חג המצות (Chag ha-Matzot, Feast of Unleavened Bread)
CELEBRATED: 15th-21st of Abib/Aviv (now Nisan)
PURPOSE: Commemorates God’s relationship with the purified nation of Israel, and is associated with the barley harvest.
LEGISLATED: Exodus 12:14-20; Leviticus 23:6-8; Numbers 28:17-25; Deuteronomy 16:3-8 & 16-17
NOTE: This was a seven-day festival with prescribed Sabbaths (days of rest) that had to be observed in addition to the regular Sabbath on the seventh day of each week. The Israelites cleaned out all of the חמץ (chametz, “leavening,” i.e., yeast) in their homes, signifying their purification. The holy convocation, or gathering of the people, necessitated a pilgrimage to a common site, which later became Jerusalem and the temple. As a feast, there were prohibitions against engaging in normal work, buying and selling, and executing criminals.

חג הביכורים (Chag ha-Bikurim, Feast of First Fruit)
CELEBRATED: First day of the week following the Sabbath that follows Passover, in Abib/Aviv (now the 15th of Nisan)
PURPOSE: Part of the Feast of Unleavened Bread, associated with the barley harvest.
LEGISLATED: Leviticus 23:9-14; Numbers 28:26-31
NOTE: The Israelites were instructed to present the priests with a special offering, the “first fruit” of the (barley) harvest, and make a special lamb sacrifice to God.

PASSSOVER REIMAGINED
CITATIONS: Matthew 26:17-30, Mark 14:12-26, Luke 22:7-39, John 13:1-17:26, 1 Corinthians 11:23-25)
OBSERVANCE: Before His arrest, Jesus celebrated Passover in Jerusalem. However, rather than remembering the events of the Exodus, He told His disciples to remember Him. The bread broken symbolized Jesus’ soon-to-be lifeless body; the wine poured symbolized Jesus’ blood that would be spilled.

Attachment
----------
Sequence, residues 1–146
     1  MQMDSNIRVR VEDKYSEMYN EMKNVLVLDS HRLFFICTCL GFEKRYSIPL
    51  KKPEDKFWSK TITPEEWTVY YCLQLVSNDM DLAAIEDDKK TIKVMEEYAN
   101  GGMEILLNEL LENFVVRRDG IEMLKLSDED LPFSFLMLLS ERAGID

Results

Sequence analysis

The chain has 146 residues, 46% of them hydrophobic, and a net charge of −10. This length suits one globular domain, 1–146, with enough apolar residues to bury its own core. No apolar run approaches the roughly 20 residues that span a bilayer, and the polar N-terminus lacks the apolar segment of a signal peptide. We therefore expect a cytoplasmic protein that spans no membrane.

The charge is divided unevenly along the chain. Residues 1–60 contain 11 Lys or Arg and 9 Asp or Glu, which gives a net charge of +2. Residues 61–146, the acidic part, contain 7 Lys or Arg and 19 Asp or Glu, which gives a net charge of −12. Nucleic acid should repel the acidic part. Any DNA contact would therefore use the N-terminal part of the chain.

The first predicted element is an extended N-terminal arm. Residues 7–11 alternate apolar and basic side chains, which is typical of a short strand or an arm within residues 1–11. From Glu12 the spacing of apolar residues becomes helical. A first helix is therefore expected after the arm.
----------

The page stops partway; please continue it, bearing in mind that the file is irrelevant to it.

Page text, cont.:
REINTERPRETATION: In light of His sacrifice in their stead, Christians soon saw Jesus as the ultimate Passover Lamb. (See John 1:29 & 36, Acts 8:32, 1 Corinthians 5:7, 1 Peter 1:19, Book of Revelation.)

FIRST FRUIT REIMAGINED
CITATIONS: Matthew 17-18, Mark 15-16, Luke 23-24, John 19-20
OBSERVANCE: Jesus Christ was tried and crucified on the Day of Preparation and taken down from the cross to be buried before dusk, when the Feast of Unleavened Bread began. He remained in the tomb during the Sabbath. (The years 31 and 33 were unusual in that each had a “Double Sabbath,” where the first day of the Feast of Unleavened Bread fell on the regular seventh day of the week.) Then He rose on the day after the Sabbath, known as the Day or Feast of First Fruit.
REINTERPRETATION: In light of His resurrection, Christians soon saw Jesus as the new First Fruit offering to God. (See John 20:17, 1 Corinthians 15:20.)

Food for Thought
  • Did Jesus impose a new meaning on Passover, or did He reveal its true meaning?
  • Is there a contradiction between the Synoptic interpretation of the Passover meal (i.e., Christ as the bread and wine) and the Johannine/Pauline interpretation (i.e., Christ as the sacrificial lamb)?
Further Study
Song of Songs, or Canticle of Canticles, is often read during Passover or the Sabbath following it. A poem associated with the court of King Solomon of Israel, it celebrates the erotic relationship between two lovers. Jews have often interpreted it as an allegory: God in relationship with His people, the assembly of the nation of Israel. It is no surprise then that Christians have reinterpreted it in a similar manner: God in relationship with His people, the assembly of believers in Jesus Christ.